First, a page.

MPA NSW Urges Federal Government to Protect Australian Utes

The Master Plumbers Association (MPA) of NSW has called on the Federal Government to take decisive action to protect the livelihoods of Australian tradespeople and safeguard their work vehicles following the government’s recent announcement of the New Vehicle Efficiency Standard (NVES).

 

GALLERY  

The NVES, announced in February 2024 and set to begin in January 2025, aims to reduce emissions from new passenger vehicles by more than 60% by 2030 and roughly halve the emissions of new light commercial vehicles over the same period. The scheme will tax car manufacturers for the number of fuel-thirsty vehicles they introduce but will reward manufacturers for low or no-emission vehicles.

“It’s a ledger; think of a pair of scales. You put really good cars on one side, then you can balance them out [against thirstier ones]… ultimately you have to make everything better,” Motor Trades Association of Australia chief executive Matt Hobbes tells The Guardian.

MPA NSW argues that utes are the lifeblood of tradespeople’s operations and the introduction of these emission regulations has plunged tradies into uncertainty.

“The attack on light commercial vehicles is not just an inconvenience, it’s a direct assault on the backbone of our economy,” MPA NSW chief executive Nathaniel Smith says. “Tradies are the unsung heroes who keep our communities running, and yet they are being hit at every turn by burdensome regulations that only serve to hinder their ability to perform their vital work.”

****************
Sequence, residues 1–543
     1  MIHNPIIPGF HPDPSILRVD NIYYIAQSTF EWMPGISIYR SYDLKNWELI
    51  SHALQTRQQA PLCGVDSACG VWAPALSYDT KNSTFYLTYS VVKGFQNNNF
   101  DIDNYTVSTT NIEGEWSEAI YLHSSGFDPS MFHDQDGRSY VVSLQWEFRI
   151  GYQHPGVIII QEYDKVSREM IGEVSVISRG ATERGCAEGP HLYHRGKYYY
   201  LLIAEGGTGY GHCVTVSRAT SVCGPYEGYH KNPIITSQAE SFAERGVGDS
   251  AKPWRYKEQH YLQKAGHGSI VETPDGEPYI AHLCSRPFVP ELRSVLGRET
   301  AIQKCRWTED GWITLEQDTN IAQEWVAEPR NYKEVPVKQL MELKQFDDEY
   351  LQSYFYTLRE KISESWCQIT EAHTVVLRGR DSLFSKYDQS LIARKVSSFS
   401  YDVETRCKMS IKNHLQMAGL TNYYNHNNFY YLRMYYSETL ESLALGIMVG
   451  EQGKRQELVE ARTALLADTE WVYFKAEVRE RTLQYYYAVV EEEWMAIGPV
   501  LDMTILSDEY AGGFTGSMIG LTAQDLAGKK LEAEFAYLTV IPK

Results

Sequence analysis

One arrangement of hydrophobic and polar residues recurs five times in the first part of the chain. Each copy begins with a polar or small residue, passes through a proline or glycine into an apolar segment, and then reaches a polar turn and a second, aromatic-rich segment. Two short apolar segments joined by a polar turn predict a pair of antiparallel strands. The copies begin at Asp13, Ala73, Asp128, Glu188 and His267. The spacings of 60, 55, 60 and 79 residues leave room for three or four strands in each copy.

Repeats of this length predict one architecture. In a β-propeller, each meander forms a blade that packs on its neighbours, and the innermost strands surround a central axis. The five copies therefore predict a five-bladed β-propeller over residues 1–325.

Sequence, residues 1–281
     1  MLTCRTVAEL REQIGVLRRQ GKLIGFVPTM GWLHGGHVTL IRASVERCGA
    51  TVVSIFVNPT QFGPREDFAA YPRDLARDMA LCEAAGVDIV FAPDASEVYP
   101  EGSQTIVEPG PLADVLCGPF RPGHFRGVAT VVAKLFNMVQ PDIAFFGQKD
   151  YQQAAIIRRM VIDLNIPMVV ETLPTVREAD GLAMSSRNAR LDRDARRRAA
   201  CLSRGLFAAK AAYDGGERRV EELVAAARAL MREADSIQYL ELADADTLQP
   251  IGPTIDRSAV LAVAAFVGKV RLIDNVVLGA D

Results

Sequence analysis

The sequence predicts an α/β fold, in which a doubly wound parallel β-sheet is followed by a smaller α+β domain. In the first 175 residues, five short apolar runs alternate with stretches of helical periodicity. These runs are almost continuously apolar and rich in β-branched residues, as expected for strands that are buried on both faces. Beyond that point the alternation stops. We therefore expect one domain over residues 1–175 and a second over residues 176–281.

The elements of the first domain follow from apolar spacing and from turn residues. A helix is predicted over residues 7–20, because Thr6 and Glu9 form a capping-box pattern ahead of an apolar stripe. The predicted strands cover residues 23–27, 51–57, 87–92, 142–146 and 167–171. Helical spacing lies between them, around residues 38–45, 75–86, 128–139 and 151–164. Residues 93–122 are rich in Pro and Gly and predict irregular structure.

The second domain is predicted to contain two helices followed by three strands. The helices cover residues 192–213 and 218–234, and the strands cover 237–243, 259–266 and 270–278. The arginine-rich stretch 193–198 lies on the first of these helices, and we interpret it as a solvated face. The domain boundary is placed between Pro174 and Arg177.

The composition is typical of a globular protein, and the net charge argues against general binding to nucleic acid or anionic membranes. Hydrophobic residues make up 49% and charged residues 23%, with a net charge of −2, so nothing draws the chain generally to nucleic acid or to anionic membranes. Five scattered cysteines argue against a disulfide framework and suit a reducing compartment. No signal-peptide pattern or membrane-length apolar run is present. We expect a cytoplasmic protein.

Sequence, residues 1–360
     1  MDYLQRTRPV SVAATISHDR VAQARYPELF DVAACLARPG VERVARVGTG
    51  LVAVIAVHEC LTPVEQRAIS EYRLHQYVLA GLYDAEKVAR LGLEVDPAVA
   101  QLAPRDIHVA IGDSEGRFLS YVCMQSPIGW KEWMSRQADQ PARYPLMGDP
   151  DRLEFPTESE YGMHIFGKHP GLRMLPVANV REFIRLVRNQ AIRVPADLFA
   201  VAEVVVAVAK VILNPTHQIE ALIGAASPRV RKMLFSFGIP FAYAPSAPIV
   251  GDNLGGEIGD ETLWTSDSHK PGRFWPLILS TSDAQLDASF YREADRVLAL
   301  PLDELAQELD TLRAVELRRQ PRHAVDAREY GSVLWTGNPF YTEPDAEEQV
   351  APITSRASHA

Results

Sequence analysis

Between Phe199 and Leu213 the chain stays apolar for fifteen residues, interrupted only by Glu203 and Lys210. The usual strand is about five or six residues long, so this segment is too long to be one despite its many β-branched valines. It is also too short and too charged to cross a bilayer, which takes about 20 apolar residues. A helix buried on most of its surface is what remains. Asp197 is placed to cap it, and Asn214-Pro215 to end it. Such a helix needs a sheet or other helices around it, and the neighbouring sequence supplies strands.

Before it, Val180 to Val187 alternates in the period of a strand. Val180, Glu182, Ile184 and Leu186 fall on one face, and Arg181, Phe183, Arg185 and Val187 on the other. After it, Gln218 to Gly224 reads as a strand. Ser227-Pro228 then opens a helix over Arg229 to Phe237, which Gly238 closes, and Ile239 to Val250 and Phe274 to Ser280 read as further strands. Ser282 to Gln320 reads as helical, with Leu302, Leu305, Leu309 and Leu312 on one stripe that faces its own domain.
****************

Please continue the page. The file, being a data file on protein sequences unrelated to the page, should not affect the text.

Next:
MPA NSW says that the new emission targets and potentially higher-cost vehicles are another strain on their businesses, already being stretched financially due to fixed contracts, inflation and an increase in materials.

One of the aims of the NVES is to bring the price of electric vehicles (EVs) down by making them a more cost-effective proposition to manufacture.

The 2025 NVES target of 199 grams of CO² per kilometre for light commercial vehicles such as utes is met by today’s Toyota Hilux (197g/km for the auto 2.8L) and Ford Ranger (189g/km for the auto 2.0L) but by the time the 2029 target of 81g/km is implemented each has to slash about 60% off their current fuel use.

Toyota Australia Vice President of Sales and Marketing, Sean Hanley, stated following the announcement of the NVES in Australia: “Toyota Australia supports the introduction of a mandatory fuel-efficiency standard that is ambitious, doesn’t leave Australians behind, is calibrated to the Australian market and allows carmakers to determine the appropriate mix of technologies to achieve it.”

The MPA NSW urges the Federal Government to follow America’s lead in implementing measures that can strike a balance between environmental sustainability and the practical needs of tradies.

Image courtesy of Roger Starnes Sr






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